Although we all strive to be good people, we are all broken to some degree; it’s simply part of the human condition. When we stumble and fail to do what is right, to show compassion, or refuse to forgive those who may have harmed us, the psalmist offers us a “way out” and speaks directly to the core of God’s mercy and fullness of redemption.
We often hear the term loving father when referring to God. This analogy of God as a loving father or mother makes it easier to understand what may seem ineffable, “With the Lord, there is mercy and fullness of redemption.” How many times as children did we fall short, and our parents continued to embrace us? How many times as young adults did we miss the mark and act in a way that compromised our integrity? The list goes on. And yet, our parents (after some correction and advice) continued to love and embrace us – and sent us on a more honorable path. For this is what the psalmist is offering us – to turn to the Lord when we fall short – for with him, there is forgiveness. (Psalms 130: 1-8)
Br. Pat Conway, F.S.C
Founding Director, McLaughlin Social Justice Institute
March 13 – March 19
Monday, March 13
Jesus said to the people in the synagogue at Nazareth:
“Amen, I say to you,
no prophet is accepted in his own native place.
Indeed, I tell you, there were many widows in Israel
in the days of Elijah
when the sky was closed for three and a half years
and a severe famine spread over the entire land.
It was to none of these that Elijah was sent,
but only to a widow in Zarephath in the land of Sidon.
Again, there were many lepers in Israel
during the time of Elisha the prophet;
yet not one of them was cleansed, but only Naaman the Syrian.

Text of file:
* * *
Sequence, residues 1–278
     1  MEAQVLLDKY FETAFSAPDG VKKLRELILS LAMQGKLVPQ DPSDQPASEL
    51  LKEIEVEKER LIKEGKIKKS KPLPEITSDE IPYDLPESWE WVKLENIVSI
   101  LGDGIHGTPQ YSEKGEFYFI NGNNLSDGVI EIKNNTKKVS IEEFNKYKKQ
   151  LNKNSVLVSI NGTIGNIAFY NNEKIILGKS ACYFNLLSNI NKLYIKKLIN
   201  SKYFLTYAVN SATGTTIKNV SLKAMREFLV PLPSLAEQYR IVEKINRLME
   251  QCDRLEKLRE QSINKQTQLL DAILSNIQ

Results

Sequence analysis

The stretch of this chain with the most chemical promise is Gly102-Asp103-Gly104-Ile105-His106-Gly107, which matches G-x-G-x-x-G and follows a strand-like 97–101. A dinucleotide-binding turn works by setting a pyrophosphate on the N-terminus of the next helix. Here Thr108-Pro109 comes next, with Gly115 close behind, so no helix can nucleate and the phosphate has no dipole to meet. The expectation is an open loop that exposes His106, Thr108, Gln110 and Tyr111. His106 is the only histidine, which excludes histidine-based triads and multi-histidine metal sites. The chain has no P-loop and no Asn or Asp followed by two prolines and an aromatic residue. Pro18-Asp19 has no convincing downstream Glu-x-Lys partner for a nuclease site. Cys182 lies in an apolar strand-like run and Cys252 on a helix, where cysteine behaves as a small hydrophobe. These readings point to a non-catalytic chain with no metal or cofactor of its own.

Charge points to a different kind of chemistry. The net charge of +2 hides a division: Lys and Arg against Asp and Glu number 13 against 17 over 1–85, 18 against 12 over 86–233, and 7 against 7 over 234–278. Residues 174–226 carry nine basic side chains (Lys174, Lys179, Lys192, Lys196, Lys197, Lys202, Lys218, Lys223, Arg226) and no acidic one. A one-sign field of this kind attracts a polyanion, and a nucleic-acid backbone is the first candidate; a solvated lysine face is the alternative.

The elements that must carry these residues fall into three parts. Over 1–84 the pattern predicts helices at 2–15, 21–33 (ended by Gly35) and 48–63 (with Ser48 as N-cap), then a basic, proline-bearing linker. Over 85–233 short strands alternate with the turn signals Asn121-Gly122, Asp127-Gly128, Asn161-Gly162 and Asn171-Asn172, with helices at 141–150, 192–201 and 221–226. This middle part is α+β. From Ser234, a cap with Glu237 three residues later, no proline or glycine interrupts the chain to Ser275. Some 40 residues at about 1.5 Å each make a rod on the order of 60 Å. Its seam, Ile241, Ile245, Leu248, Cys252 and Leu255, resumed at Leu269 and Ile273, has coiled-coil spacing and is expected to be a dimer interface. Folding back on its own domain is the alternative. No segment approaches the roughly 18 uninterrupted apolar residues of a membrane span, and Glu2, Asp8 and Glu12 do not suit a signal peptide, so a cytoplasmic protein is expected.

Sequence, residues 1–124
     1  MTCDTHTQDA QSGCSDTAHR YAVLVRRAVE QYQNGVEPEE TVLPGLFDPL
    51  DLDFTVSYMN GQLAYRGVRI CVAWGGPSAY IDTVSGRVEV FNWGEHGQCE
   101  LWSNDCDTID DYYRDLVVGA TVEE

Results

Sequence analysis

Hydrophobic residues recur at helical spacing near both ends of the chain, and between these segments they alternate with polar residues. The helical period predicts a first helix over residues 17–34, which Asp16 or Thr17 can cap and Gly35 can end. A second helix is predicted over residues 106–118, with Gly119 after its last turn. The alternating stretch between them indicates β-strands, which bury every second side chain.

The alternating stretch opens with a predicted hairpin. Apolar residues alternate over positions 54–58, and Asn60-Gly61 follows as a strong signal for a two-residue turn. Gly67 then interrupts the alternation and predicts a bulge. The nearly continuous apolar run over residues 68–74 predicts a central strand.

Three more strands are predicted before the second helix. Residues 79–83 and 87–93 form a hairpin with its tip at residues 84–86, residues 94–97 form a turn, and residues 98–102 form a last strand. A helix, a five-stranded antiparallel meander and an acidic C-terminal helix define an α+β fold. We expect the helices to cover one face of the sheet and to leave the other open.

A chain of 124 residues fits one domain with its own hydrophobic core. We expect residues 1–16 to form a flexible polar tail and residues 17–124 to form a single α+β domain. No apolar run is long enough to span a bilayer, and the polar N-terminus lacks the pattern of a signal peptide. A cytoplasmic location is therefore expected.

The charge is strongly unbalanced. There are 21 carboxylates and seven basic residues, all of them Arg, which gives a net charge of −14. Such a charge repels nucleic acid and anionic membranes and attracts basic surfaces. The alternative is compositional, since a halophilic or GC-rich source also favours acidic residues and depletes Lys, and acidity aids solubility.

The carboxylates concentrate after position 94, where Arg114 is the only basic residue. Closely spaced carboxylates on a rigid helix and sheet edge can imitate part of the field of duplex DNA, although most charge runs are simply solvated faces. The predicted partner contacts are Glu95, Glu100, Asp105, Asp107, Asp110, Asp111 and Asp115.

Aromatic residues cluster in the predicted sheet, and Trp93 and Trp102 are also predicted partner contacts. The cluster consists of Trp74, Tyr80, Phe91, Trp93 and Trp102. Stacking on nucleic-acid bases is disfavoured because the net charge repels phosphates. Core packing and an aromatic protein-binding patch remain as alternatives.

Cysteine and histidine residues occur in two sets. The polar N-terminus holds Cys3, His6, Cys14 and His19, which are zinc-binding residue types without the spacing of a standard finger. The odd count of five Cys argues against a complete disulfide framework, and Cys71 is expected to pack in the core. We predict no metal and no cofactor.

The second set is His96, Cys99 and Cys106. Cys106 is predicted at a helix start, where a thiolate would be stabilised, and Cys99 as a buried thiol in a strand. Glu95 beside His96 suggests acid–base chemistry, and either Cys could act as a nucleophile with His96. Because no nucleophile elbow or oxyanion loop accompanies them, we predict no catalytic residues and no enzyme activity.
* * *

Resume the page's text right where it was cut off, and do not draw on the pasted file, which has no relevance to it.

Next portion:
When the people in the synagogue heard this,
they were all filled with fury.
They rose up, drove him out of the town,
and led him to the brow of the hill
on which their town had been built,
to hurl him down headlong.
But he passed through the midst of them and went away.
Magnanimity, putting the needs of others before our own, is an important aspect of the Christian faith and one that is emphasized in today’s gospel. As we reflect on this passage during the Lenten season, we are reminded that Jesus lived a life of service and sacrifice, ultimately becoming sacrifice, offering his life for the needed salvation of all of us.
In the gospel we see Jesus mention the widow who was open to God’s will, even to the point of sacrificing her and her son’s life to feed Elijah. We also hear of Naman the Syrian general who was plundering Israel. Naman was afflicted with leprosy willing to sacrifice his pride, submitting himself to Elisha for his healing. Elisha welcomed Naman and healed him, knowing all that he had done to Israel and its people.
As members of a Lasallian community, we are called to follow in Jesus’ footsteps and to emulate his selfless love for others. Putting the needs of others before our own requires us to be attentive and recognize the needs of those around us, to listen to their concerns, and to respond with compassion and charity. It also means being willing to make sacrifices, whether that be giving up our time, resources, or even our own personal desires and ambitions.